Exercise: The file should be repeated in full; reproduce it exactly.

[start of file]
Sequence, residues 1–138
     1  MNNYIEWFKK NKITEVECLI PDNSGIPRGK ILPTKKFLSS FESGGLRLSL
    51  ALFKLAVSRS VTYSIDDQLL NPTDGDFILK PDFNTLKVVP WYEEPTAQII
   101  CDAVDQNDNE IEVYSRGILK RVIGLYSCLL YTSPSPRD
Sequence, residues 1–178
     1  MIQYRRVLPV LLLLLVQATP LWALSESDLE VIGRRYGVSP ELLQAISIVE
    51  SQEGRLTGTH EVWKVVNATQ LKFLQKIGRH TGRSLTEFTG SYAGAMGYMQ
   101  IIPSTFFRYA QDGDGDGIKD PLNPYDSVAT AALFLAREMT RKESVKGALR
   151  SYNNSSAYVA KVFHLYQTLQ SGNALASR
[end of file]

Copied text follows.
Sequence, residues 1–138
     1  MNNYIEWFKK NKITEVECLI PDNSGIPRGK ILPTKKFLSS FESGGLRLSL
    51  ALFKLAVSRS VTYSIDDQLL NPTDGDFILK PDFNTLKVVP WYEEPTAQII
   101  CDAVDQNDNE IEVYSRGILK RVIGLYSCLL YTSPSPRD
Sequence, residues 1–178
     1  MIQYRRVLPV LLLLLVQATP LWALSESDLE VIGRRYGVSP ELLQAISIVE
    51  SQEGRLTGTH EVWKVVNATQ LKFLQKIGRH TGRSLTEFTG SYAGAMGYMQ
   101  IIPSTFFRYA QDGDGDGIKD PLNPYDSVAT AALFLAREMT RKESVKGALR
   151  SYNNSSAYVA KVFHLYQTLQ SGNALASR